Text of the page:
“Each and every allegation must be investigated promptly, effectively and independently and any police officers found to be responsible must face criminal prosecution.”

    February 20, 2014

    The shooting of protesters, which is contributing to the spiralling death toll in Kyiv, is deeply troubling and must prompt a swift response to bring all those responsible to justice, Amnesty International urged.

    According to the Ministry of Health, at least 35 people have been killed as a result of the rapid escalation in violence in the past 48 hours, especially in the area around Kyiv’s Maidan Square. The violence has been carried out by some protesters as well as security forces. The Ministry of Interior has separately reported that 20 police officers have died.  

    There is growing evidence from across Ukraine of vigilante groups colluding with the police and reports they may have been responsible for some of the shootings. A number of protesters, medical personnel and journalists clearly not posing a threat to riot police, have been fired on from a distance.   

    February 11, 2014

    Amnesty International is launching a global campaign against police impunity in Ukraine.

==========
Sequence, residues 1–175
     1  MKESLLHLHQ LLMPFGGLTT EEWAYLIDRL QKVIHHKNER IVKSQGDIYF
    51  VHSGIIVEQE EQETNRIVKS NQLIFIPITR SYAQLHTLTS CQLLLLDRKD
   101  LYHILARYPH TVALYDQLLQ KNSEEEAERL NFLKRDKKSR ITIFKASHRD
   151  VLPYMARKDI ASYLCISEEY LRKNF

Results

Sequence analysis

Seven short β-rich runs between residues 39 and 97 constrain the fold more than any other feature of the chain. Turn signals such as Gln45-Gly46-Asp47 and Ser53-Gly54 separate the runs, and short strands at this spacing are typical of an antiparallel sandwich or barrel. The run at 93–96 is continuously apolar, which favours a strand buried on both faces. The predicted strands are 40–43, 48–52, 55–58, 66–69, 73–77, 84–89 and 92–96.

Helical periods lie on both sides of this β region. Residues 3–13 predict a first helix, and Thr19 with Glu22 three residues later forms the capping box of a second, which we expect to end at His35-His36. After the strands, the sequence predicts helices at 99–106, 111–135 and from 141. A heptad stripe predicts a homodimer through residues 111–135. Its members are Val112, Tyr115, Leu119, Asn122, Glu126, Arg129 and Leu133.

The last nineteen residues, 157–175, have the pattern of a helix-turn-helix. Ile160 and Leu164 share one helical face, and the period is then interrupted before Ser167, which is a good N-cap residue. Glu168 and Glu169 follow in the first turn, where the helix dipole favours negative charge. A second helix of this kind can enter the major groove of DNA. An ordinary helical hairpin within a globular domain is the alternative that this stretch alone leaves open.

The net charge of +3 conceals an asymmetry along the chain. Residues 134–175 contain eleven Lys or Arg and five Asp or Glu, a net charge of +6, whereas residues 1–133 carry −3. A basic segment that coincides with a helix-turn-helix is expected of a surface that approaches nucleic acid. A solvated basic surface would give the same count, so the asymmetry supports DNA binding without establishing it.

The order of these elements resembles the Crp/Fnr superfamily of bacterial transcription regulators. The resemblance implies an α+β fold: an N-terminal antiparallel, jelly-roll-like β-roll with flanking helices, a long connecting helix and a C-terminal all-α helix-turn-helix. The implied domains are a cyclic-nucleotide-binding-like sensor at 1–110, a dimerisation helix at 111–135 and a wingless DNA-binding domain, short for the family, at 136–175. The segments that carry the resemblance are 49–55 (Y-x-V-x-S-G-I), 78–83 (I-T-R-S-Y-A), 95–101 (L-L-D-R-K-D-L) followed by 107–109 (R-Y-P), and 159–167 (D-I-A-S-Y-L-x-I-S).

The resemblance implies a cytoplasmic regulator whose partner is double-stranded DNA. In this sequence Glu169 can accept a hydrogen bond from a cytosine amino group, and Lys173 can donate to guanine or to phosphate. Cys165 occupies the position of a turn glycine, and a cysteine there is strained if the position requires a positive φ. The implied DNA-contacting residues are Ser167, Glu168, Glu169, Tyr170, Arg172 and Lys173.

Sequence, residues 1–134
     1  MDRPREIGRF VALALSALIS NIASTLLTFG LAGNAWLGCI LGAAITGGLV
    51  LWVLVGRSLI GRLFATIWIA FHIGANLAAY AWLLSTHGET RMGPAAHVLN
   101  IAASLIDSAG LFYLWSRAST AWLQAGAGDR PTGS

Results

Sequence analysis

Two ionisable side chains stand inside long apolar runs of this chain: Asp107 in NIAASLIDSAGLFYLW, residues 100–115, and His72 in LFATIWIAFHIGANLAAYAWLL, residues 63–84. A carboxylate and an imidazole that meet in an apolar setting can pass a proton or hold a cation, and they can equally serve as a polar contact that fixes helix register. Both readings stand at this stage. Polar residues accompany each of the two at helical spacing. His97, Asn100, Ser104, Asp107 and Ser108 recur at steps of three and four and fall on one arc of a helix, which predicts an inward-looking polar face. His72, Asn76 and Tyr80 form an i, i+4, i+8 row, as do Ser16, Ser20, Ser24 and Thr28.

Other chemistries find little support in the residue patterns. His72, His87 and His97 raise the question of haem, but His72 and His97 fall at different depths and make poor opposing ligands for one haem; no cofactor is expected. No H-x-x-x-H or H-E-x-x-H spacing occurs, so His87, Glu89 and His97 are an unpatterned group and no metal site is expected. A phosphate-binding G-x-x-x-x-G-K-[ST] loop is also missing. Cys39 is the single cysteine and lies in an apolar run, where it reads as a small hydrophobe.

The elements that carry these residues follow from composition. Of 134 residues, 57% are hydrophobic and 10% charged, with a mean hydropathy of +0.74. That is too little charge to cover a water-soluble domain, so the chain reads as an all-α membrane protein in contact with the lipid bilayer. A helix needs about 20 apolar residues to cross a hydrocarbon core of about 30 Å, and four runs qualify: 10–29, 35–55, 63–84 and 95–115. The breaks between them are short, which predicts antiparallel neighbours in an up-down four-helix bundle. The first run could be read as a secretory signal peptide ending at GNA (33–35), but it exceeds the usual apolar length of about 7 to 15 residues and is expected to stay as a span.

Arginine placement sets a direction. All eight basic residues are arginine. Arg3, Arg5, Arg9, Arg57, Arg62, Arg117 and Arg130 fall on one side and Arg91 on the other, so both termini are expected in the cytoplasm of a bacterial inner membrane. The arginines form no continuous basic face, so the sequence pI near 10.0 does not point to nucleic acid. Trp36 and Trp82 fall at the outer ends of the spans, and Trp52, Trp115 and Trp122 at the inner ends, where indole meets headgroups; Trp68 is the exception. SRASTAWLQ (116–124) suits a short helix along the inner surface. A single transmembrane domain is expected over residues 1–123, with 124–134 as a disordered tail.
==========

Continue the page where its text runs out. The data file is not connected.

Hundreds of people have been wounded by police, some very seriously, during the EuroMaydan anti-government protests in Kyiv as well as in other cities in Ukraine since 21 November 2013. There have been at least four fatalities. Some protestors have been abducted by unknown assailants and tortured – one was found dead.  

    Amnesty International members and their supporters will bring pressure to bear on the Ukrainian government through letter writing, petitions, public actions and lobbying.

    The campaign is calling for the Ukrainian authorities to take decisive action to demonstrate that arbitrary and abusive use of force and other human rights violations will not be tolerated, and will be dealt with by disciplinary and criminal measures as appropriate.

    Pages

    Subscribe to Ukraine